Up until yesterday, believe it or not, I refused to believe the New York Giants were for real. When Jim Fassel guaranteed a playoff berth last year, I scoffed. When they subsequently made the playoffs, I blamed it on the weakness of the NFC East. When they stormed through the playoffs and humiliated the Vikings in the NFC Championship game, I said it was a fluke. I felt vindicated when the Baltimore Ravens trounced them in the Super Bowl.
But on Sunday, despite falling to the St. Louis Rams, the Giants made me believe. They showed me that they are indeed the real deal, a playoff team, a contender for the title of World Champion. They nearly beat a St. Louis team that had looked unstoppable coming into this game. The Rams had beaten, with the exception of the hapless Detroit Lions, three major playoff contenders in the Philadelphia Eagles, San Francisco 49ers, and Miami Dolphins.
I had predicted that the Rams would humiliate the G-men, crush them, grind them into blue and white dust beneath the pounding gears of their offensive machine. Instead, the Rams needed a fourth quarter touchdown from backup running back Trung Canidate to squeak by the Giants, 15-14. Michael Strahan was a monster on defense, driving Kurt Warner into the turf play after play, four times for sacks. Even the seemingly deified Marshall Faulk looked entirely mortal against the New York defense. Before leaving the game with an injury, he fumbled twice and got nowhere close to finding the end zone.
The Giant offense also looked surprisingly good, as Ron Dayne ran for 88 yards and a score. Even Kerry Collins, whose name I’ve never thought was worth the ink it’s printed with, looked good. If not for a late bobble by Joe Jurevicius, the Giants would have won. Heck, they SHOULD have won.
So, without further ado, I’ll say the words I swore on the soul of Ottis Anderson I would never utter: Watch out football fans, these Giants are good. They are, to reiterate my colloquialism, the real deal.
Other Week Four Highlights
Baltimore at Green Bay: If anyone doubted that Brett Favre was the best quarterback in the NFL, he can now set aside their skepticism. The resilient field general led his team to a 31-23 victory over the defending Super Bowl champion Ravens, throwing for 337 yards and three touchdowns. It was very much a role reversal for these two teams. While Favre was running around the field completing pass after pass, Ray Lewis was nowhere to be found. While the Pack aired it out, the Ravens were frustrated by Green Bay’s surprising defense. If not for Randall Cunningham entering the game due to an injury to Elvis Grbac, the score would have been 31-10.
San Diego at New England: Who would have thought that Drew Bledsoe would have to worry about job security? Then again, who would have thought that Tom Brady would win an overtime battle with Mr. Clutch himself, Doug Flutie? Who would have thought Bill Belichick would let Terry Glenn even step on the field, let alone catch 7 passes for 110 yards and a touchdown? I thought the game was over when Flutie got the ball with 31 seconds left in the fourth quarter. Maybe the California sun has taken all the moxie out of the miracle-maker.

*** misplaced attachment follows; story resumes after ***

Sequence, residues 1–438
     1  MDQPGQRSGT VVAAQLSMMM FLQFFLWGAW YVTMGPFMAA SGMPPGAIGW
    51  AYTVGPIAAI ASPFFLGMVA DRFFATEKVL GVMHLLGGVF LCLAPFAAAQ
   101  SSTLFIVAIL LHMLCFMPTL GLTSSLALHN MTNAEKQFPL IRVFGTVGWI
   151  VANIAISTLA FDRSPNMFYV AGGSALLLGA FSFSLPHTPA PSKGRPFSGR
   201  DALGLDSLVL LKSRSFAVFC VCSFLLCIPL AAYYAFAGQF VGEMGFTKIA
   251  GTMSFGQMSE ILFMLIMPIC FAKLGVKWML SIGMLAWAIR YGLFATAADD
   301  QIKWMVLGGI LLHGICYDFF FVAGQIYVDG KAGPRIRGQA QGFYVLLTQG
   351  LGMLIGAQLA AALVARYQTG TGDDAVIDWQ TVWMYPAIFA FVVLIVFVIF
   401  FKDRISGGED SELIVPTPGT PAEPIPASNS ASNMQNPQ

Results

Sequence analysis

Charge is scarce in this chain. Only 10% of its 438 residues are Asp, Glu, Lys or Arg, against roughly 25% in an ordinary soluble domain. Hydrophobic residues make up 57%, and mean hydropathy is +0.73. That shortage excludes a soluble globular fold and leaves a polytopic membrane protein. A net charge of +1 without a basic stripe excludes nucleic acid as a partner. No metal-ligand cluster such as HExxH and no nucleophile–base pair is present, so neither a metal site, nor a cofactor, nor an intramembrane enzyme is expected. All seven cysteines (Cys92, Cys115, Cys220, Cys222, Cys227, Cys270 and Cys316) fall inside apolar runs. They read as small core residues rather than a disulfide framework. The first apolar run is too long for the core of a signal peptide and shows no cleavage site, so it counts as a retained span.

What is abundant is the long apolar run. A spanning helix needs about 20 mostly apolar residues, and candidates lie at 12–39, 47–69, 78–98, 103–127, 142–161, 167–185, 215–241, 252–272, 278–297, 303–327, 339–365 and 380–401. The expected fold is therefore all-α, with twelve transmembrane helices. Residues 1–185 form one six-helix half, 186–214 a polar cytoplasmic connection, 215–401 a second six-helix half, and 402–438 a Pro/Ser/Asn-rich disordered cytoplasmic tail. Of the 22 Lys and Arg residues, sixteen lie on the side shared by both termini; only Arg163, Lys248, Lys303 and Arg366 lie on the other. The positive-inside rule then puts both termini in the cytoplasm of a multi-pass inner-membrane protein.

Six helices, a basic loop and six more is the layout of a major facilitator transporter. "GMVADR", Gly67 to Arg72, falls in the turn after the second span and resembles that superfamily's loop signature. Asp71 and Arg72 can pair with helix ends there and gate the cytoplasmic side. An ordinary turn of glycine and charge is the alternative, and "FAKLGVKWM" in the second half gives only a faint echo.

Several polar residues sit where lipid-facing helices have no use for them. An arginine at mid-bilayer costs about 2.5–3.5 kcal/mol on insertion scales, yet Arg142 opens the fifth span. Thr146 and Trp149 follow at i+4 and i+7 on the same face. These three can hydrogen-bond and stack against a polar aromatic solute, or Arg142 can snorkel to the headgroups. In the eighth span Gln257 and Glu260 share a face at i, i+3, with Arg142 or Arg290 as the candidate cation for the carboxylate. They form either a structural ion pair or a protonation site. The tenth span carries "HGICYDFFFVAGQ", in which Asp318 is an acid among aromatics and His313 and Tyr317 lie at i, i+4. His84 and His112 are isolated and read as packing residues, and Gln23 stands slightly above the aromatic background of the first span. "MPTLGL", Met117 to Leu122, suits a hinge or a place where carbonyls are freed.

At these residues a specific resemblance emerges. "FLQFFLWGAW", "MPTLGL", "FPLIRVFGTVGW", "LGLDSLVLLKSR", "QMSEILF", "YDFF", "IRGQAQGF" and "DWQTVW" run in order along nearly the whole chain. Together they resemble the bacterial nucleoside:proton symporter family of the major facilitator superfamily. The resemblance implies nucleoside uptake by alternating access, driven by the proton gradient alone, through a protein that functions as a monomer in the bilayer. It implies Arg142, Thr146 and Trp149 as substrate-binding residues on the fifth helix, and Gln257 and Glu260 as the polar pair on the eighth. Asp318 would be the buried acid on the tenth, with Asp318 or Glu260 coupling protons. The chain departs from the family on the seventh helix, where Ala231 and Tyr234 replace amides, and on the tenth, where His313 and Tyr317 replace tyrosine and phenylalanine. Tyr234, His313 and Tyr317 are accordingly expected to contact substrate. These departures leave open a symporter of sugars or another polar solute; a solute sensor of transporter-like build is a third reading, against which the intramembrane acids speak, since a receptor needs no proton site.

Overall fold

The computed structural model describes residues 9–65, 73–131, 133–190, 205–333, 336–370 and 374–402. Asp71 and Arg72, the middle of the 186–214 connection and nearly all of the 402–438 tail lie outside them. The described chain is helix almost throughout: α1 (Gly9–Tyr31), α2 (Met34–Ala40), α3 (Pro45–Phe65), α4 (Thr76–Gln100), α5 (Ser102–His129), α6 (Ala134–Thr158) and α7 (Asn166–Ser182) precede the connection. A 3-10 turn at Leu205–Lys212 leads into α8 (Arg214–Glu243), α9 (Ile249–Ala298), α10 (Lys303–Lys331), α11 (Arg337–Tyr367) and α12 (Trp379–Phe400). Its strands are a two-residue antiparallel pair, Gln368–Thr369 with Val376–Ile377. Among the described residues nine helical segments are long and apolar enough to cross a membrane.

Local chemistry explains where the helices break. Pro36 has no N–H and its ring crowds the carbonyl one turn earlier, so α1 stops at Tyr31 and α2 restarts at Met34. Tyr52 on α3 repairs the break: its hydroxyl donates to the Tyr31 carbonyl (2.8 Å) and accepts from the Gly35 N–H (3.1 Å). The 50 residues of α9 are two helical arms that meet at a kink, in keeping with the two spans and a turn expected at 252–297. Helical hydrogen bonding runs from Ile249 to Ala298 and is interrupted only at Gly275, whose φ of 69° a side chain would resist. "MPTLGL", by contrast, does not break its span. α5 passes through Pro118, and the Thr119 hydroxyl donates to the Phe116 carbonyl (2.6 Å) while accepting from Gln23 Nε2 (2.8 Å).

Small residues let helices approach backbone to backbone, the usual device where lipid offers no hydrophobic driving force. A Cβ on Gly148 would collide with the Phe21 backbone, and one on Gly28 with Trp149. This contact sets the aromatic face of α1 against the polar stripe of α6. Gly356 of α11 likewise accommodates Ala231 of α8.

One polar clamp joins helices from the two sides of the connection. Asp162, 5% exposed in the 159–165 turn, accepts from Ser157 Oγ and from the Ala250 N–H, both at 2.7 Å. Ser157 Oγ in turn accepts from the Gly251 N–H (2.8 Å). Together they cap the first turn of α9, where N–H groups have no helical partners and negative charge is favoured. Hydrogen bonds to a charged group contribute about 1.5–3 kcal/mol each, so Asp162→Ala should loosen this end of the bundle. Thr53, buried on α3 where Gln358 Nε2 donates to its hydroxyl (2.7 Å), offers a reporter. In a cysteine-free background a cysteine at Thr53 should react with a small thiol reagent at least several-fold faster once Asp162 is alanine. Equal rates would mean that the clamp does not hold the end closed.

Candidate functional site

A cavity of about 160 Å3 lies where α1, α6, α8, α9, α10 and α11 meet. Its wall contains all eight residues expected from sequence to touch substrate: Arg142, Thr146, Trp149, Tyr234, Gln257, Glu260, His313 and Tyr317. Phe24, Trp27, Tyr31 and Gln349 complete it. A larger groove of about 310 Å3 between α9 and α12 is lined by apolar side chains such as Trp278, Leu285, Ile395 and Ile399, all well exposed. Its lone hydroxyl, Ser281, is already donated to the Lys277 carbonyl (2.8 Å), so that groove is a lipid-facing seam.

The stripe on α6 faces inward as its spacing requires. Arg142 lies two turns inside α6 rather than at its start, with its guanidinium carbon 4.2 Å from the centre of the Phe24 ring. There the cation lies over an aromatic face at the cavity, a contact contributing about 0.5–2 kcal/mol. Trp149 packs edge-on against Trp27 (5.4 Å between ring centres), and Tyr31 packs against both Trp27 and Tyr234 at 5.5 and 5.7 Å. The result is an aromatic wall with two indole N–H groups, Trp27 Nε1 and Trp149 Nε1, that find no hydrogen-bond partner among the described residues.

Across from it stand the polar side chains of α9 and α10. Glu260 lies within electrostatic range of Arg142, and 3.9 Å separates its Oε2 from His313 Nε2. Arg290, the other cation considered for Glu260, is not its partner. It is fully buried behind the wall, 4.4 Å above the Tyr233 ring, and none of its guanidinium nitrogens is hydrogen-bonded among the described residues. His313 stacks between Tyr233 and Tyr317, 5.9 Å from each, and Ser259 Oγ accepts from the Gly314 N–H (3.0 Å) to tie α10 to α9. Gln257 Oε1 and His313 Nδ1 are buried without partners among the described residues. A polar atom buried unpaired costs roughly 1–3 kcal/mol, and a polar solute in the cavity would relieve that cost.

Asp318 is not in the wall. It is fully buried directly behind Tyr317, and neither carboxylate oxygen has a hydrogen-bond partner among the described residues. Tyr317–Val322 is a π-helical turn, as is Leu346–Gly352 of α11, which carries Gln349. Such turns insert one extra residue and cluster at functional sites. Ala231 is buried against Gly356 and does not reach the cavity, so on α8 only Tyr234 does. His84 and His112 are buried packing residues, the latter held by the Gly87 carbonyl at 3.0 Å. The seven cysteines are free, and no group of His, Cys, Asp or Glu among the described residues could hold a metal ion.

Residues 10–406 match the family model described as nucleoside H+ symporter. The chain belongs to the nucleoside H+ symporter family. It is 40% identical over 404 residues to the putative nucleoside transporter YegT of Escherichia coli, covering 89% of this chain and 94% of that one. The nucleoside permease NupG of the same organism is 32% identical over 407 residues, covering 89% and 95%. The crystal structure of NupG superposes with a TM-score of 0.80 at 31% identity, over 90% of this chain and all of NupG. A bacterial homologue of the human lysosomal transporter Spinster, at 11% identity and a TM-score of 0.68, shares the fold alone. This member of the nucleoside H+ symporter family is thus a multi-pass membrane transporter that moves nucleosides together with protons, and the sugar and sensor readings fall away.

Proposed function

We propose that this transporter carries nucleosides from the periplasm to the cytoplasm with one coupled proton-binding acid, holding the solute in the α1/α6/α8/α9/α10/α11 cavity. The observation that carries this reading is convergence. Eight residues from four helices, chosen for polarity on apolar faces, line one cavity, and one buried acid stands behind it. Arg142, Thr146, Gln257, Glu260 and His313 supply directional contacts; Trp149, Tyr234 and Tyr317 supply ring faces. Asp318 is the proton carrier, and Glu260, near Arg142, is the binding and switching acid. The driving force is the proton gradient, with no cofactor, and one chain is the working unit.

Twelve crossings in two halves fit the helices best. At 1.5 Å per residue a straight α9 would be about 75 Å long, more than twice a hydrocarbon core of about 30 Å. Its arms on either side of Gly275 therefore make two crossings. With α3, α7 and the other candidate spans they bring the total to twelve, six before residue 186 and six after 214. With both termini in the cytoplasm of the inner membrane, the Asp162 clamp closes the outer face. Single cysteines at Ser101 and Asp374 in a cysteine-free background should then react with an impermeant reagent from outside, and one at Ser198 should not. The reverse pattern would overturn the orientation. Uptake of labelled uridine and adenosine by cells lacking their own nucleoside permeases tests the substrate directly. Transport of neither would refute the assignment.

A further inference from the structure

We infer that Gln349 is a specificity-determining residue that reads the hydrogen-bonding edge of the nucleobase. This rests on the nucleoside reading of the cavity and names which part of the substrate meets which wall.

New Orleans at Carolina: You’ve got to feel sorry for Jeff Blake. Aaron Brooks showed again on Sunday why he is the franchise quarterback in New Orleans, marching the Saints 82 yards in the game’s last 1:44. After Carolina returned a punt all the way with 2:05 left in the fourth quarter to take the lead 25-20, Brooks masterfully moved New Orleans downfield with just one timeout. After a 22-yard completion to Joe Horn on the 5-yard-line and two Carolina penalties, the Saints found themselves on the 1-yard-line with one second left. From there the answer was simple: hand the ball to the other cornerstone of the franchise, Ricky Williams. Somewhere in the CBS studios, Mike Ditka is crying.
San Francisco 37, Atlanta 31: Montana to Rice. Young to Rice. Garcia to Owens.
Cincinnati 24, Cleveland 14: Corey Dillon causes defensive Brown-out.
Tennessee 31, Tampa Bay 28: Titans earn Eddie-fying first win.
N.Y. Jets 21, Miami 17: Miracle in the Meadowlands II: Fiedler’s Bogus Journey.
Chicago 20, Arizona 13: Does anyone remember the Super Bowl Shuffle?
Pittsburgh 20, Kansas City 17: Pittsburgh leaves Vermeil Green in the face.
Minnesota 31, Detroit 26 Batch throws for 345 yards and 3 TDs and they still lose?
Seattle 34, Denver 21: Ricky, it’s time to find new Watters to swim in.
Monday Night Preview: Washington at Dallas
And I thought last week was bad. ABC acknowledges that this is the worst game, recordwise, in the history of Monday Night Football. Believe me, it’ll be as bad as it looks. Do laundry. Read a book. Watch baseball. Spare yourself the pain, even if you are from Washington or Dallas. Cowboys win, only because I have to make a prediction, and they’re playing at home: 10-6.